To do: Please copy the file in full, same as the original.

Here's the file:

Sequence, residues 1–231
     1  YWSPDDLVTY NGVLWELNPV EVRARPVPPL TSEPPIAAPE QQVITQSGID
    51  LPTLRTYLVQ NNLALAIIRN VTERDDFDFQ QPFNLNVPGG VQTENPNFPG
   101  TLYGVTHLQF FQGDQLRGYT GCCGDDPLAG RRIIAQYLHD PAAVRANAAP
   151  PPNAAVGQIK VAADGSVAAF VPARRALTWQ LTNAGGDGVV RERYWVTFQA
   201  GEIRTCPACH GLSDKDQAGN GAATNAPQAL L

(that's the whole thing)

Sequence, residues 1–231
     1  YWSPDDLVTY NGVLWELNPV EVRARPVPPL TSEPPIAAPE QQVITQSGID
    51  LPTLRTYLVQ NNLALAIIRN VTERDDFDFQ QPFNLNVPGG VQTENPNFPG
   101  TLYGVTHLQF FQGDQLRGYT GCCGDDPLAG RRIIAQYLHD PAAVRANAAP
   151  PPNAAVGQIK VAADGSVAAF VPARRALTWQ LTNAGGDGVV RERYWVTFQA
   201  GEIRTCPACH GLSDKDQAGN GAATNAPQAL L